Many important biological functions are mediated through protein-ligand interactions and the concomitant conformational change of the protein. The binding of therapeutic agents to the receptor sites of proteins is particularly important in drug design [1-3]. Recent trends in the discovery and development of new medicines demand new methods for rapidly screening protein-ligand binding properties in target selection and lead discovery, as well as for quantifying binding affinities and resolving subtle differences for lead optimization and further development . Although computer modeling has been used to predict binding affinities [2, 5, 6], the strengths of these interactions are normally determined by experimental assays in which either equilibrium titrations, kinetic studies, or stability measurements are involved (e.g. [7-10]). Although success has been achieved in the determination of protein-ligand binding affinities by spectro-scopic, calorimetric and other methods, limitations are often the large amounts of specifically labeled ligand or protein that are required. Often needed are additional spectroscopic or reaction probes, denaturants, or measurements of equilibrium concentrations following a separation, which may perturb the equilibrium. It remains of interest for biochemists and biophysicists to seek additional methods for quantification of protein-ligand binding that have general applicability, high accuracy, relative simplicity, and high throughput.
In the past decade, mass spectrometry has played an important role in the characterization of protein structure, differential expression, dynamics, and functions [11-14]. Several new mass spectrometry-based methods were reported for the characterization of protein-ligand binding [15-21]. Recently, we developed a novel method  to quantify protein-ligand interactions in solution by mass spectrometry, titration, and hydrogen/deuterium (H/D) exchange (PLIMSTEX). This strategy can determine the conformational change, binding stoichiometry and affinity in a variety of protein-ligand interactions including those involving small molecules, metal ions, peptides, and proteins [22, 23]. The detailed model ing procedures for the determination of binding constants using PLIMSTEX titration curves and the effect of model modifications on the precision and accuracy were also described . Combined with kinetic measurements of H/D exchange, PLIMSTEX can provide insights on protein structure and protein-ligand interactions, the effect of media and ionic strength , species specificity, mutations on protein-ligand binding, and systematic changes in ligands . The determination and interpretation of the titration curves will be described in this chapter. More perspectives of PLIMSTEX and the advantages of this approach over conventional methods and several other mass spectrometry-based methods will be illustrated using several examples.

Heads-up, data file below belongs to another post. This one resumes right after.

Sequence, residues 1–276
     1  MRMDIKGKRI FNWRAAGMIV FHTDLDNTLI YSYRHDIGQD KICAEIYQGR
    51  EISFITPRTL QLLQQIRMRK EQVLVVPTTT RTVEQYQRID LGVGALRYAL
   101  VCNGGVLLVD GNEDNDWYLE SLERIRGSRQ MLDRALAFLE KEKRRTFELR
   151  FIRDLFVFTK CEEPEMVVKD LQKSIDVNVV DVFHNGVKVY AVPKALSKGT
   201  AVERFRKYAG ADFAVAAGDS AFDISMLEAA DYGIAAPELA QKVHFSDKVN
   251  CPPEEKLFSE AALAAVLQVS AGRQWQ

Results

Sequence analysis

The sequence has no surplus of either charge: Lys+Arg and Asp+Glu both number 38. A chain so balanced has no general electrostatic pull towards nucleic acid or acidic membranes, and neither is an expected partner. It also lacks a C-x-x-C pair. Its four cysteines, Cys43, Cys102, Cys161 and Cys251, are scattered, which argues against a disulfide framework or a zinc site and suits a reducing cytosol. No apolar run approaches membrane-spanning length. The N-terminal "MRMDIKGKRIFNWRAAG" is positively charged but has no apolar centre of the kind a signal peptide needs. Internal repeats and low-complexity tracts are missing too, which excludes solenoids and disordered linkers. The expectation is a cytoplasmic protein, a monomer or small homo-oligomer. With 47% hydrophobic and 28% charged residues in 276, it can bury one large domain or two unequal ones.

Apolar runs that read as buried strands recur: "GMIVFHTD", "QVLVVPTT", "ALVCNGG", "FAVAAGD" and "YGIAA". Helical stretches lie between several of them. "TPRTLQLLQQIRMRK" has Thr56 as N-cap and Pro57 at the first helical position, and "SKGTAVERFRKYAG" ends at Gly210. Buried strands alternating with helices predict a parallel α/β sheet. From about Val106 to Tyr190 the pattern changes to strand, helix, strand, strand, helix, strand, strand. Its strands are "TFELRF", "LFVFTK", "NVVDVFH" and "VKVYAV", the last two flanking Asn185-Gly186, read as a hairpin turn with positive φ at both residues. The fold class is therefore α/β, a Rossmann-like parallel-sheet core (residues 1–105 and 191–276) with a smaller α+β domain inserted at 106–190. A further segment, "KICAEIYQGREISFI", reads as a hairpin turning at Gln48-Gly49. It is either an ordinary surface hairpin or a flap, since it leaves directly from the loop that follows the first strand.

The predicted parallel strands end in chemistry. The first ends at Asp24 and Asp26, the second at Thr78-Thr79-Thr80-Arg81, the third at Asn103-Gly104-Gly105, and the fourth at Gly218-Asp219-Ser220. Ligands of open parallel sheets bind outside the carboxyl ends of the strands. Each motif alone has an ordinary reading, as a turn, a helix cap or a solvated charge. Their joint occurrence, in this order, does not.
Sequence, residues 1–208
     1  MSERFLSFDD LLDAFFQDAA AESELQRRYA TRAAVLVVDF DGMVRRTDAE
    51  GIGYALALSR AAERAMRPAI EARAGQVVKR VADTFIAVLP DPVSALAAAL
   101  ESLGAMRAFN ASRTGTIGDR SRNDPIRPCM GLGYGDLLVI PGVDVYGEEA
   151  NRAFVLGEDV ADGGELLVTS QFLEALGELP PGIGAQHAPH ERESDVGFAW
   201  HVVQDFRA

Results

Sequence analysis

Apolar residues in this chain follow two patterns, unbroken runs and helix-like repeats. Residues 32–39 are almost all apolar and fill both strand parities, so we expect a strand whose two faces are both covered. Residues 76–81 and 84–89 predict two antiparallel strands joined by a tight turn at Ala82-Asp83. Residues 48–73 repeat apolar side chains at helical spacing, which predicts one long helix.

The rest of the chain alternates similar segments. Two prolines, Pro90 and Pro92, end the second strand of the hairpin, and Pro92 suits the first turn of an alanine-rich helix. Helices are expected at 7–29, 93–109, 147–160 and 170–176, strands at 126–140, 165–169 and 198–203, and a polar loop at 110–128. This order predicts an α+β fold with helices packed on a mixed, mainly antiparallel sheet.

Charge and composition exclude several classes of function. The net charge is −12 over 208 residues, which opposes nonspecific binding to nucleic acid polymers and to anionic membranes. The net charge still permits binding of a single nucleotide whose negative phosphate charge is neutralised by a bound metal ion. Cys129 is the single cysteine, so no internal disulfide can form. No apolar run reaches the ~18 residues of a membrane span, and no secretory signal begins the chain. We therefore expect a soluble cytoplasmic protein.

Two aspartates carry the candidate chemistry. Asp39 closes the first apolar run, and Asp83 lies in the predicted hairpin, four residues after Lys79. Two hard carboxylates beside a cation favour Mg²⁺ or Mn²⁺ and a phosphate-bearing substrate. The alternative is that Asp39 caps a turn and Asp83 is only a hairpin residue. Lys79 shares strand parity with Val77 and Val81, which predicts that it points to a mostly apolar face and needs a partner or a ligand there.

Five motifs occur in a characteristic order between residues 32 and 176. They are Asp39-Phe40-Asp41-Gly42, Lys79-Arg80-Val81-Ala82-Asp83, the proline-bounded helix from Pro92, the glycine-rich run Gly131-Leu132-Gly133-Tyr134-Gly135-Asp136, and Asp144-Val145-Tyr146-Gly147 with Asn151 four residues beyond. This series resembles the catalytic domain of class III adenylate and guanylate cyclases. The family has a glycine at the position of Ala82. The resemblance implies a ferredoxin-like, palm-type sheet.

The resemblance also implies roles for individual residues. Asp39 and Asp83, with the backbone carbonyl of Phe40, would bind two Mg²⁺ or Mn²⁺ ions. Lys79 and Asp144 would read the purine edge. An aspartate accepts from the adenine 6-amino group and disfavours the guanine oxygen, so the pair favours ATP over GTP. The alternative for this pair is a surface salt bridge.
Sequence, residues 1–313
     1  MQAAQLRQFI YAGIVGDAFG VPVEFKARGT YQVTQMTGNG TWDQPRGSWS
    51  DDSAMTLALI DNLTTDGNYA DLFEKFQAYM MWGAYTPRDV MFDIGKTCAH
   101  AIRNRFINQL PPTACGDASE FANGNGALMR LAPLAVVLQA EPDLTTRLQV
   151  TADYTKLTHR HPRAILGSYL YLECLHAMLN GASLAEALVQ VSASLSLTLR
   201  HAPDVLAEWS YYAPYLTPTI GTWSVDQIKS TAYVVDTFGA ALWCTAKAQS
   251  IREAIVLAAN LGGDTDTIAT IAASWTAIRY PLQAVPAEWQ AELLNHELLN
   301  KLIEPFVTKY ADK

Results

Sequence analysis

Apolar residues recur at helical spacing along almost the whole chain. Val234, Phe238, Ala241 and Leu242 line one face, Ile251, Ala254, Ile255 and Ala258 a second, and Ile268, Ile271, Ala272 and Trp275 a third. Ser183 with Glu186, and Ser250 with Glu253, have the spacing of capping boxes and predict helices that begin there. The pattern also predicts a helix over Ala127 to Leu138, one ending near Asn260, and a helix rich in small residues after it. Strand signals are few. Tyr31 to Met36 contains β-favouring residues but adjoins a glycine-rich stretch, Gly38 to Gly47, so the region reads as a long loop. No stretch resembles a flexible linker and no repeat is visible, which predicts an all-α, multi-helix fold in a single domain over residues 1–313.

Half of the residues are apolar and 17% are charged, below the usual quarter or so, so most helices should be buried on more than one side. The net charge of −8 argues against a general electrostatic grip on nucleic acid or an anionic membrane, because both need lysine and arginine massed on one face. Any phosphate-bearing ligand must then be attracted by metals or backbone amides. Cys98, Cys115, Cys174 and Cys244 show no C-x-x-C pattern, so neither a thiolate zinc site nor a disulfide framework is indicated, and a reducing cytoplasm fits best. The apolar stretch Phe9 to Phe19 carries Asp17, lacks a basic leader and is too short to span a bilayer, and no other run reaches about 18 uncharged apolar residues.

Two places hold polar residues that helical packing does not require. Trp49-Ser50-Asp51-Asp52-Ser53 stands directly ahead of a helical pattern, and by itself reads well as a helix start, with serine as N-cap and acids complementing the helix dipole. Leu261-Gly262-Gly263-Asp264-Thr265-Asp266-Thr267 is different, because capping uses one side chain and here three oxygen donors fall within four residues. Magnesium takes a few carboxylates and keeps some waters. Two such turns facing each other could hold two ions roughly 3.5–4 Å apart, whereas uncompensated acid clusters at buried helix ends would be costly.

A complementary approach to PLIMSTEX that we are developing is to compare the reactivity of hydroxyl radicals with a protein-ligand complex to that of the protein alone. If appropriate reagents are used, the change in solvent accessibility or conformation will alter the chemical reactivity of the target, typically the protein, enabling information regarding the location and affinity of the protein-ligand interaction to be determined. Chance and Brenowitz  pioneered the use of hydroxyl radicals for modifying Met, Cys or aromatic amino acid residues to determine sites of protein interactions and to follow RNA folding  and protein conformational changes . We are developing a faster method that generates and quenches the hydroxyl radicals in less than a microsecond while allowing oxidation of more of the protein's solvent-exposed residues than can be achieved by other methods . An example application shows that apomyoglo-bin has a conformationally flexible F-helix, as also indicated by nuclear magnetic resonance (NMR)  and that the porphyrin-binding pocket is closed in the absence of the ligand. Results from using this approach to the S-protein/S-peptide interaction suggest that this method should also be useful for studying binding of protein and ligands.
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